How can you assure good communication with someone who is deaf-blind?
The keys to successful communication:
Ask the individual who is deaf-blind about their communication preferences.
Make sure that planning and preparation takes place in advance of any meetings
*HKNC, employment specialist and state rehabilitation counselors can help facilitate trainings and ensure smooth communication strategies
How can you communicate with an individual who is deaf-blind?
- Sign language (visual or tactual)
- Interpreting services
- Speech and hearing amplification
- Large print
- Communication cards
- Adaptive technologies
How do you engage an individual who is deaf-blind?
- A simple touch on the shoulder or arm lets the deaf-blind person know you are there
- Immediately identify yourself by name or sign name if you have one
- When using an interpreter, speak directly to an individual who is deaf-blind
- When guiding an individual who is deaf-blind offer them your arm
- Make an effort to learn and use whatever method of communication the individual prefers
- Have an individual who is deaf-blind establish a name sign for you and others
- Words referencing sight and hearing are frequently used as figures of speech by people of all vision/hearing levels. For example, telling a person who is deaf-blind “I’ll see you later” or “Talk to you later” is acceptable, as are other references using such words.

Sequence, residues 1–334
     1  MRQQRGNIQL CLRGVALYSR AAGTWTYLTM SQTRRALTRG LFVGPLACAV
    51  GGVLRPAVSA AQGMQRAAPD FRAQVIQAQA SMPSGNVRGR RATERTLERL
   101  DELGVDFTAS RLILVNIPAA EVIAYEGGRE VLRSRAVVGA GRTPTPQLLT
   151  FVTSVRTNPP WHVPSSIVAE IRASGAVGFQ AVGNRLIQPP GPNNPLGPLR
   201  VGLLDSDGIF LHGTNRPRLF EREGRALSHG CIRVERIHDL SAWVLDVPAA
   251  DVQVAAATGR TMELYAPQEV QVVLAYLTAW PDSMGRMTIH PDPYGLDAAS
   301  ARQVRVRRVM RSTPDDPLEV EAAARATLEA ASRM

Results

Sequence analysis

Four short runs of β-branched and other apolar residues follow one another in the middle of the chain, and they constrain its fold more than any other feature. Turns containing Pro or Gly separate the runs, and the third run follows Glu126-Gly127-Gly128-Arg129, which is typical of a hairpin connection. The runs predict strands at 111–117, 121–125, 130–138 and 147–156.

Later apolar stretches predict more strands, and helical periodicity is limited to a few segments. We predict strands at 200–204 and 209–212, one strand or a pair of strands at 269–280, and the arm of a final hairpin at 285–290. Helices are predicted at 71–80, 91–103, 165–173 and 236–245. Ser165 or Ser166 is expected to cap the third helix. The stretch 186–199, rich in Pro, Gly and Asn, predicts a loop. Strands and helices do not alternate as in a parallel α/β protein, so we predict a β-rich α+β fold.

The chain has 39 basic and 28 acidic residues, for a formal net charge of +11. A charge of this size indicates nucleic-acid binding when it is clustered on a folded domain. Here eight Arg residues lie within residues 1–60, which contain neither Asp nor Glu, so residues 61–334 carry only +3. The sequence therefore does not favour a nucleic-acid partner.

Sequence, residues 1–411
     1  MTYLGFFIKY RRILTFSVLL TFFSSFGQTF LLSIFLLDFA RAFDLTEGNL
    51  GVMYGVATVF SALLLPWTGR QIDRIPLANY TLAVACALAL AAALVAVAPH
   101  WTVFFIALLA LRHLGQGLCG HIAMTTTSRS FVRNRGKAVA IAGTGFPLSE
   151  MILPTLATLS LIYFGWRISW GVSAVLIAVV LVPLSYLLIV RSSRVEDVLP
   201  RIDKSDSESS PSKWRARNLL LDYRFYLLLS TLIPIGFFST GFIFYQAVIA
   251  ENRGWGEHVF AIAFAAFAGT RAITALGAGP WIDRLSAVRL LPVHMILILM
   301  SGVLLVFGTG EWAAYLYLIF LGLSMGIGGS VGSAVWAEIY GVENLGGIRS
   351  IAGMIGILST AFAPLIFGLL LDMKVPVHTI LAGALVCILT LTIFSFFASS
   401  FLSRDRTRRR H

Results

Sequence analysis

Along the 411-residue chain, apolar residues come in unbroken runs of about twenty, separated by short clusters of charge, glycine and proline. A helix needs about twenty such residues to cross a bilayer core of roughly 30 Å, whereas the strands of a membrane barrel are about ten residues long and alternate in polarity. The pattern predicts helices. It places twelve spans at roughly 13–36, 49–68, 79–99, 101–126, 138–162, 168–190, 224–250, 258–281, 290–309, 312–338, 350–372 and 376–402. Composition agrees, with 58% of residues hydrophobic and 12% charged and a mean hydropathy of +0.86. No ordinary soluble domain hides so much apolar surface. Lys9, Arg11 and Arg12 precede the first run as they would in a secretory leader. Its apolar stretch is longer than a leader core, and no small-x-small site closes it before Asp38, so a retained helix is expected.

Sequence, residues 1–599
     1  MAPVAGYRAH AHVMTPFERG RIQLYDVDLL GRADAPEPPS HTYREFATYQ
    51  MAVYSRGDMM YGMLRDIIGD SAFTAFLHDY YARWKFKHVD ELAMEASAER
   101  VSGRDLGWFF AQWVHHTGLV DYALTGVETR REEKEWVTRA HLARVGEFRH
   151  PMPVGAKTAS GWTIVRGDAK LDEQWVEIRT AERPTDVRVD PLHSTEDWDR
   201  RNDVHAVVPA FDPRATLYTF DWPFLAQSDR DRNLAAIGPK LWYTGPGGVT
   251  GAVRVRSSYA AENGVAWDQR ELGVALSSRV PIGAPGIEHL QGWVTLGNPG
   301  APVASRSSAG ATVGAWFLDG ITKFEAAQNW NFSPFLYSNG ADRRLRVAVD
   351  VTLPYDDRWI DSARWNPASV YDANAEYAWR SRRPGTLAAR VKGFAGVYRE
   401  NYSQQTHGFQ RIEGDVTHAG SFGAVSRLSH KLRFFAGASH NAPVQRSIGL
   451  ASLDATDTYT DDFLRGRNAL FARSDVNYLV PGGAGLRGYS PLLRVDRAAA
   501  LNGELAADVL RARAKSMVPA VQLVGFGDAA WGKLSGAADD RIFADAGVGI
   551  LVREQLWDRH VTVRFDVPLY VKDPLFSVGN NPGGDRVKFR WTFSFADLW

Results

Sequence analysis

Title I of the Americans with Disabilities Act of 1990 states that an employer is required to offer reasonable accommodations for employees with disabilities to perform the essential functions of their jobs, unless this would cause undue hardship. HKNC’s National Employment & Business Relations Specialist and the Center’s entire vocational training team are available to provide recommendations on the type of job accommodations needed to enable individuals who are deaf-blind to optimally perform all job functions.
It is a common misconception that accommodations are costly to the employer. But in fact, many are at no or very little cost.
What are some of the no cost or low-cost accommodations and resources?
No cost (NC) Low cost (LC)
- An employment specialist, in conjunction with the employer, can provide the necessary training so that the employee can meet the job requirements of the employer (NC)
- An orientation and mobility specialist can provide training for safe travel and orientation to the work environment (NC)
- State vocational rehabilitation counselors can provide support and equipment to enhance the employee’s opportunities for success (NC)
- Placing tactile dots on controls on equipment (LC)
- Consider an altered work schedule to accommodate transportation (NC)
- Captioning on videos (LC)
- Interpreting services (LC)
Technology that may be purchased by state vocational rehabilitation agencies
- A magnifier/electronic magnifier
- Software for computer magnification and text to speech
- A screen reader or screen reader paired with audio
- Braille display paired with a computer or I-Pad
- Closed-circuit televisions (CCTV’s)
How can an internship benefit your business?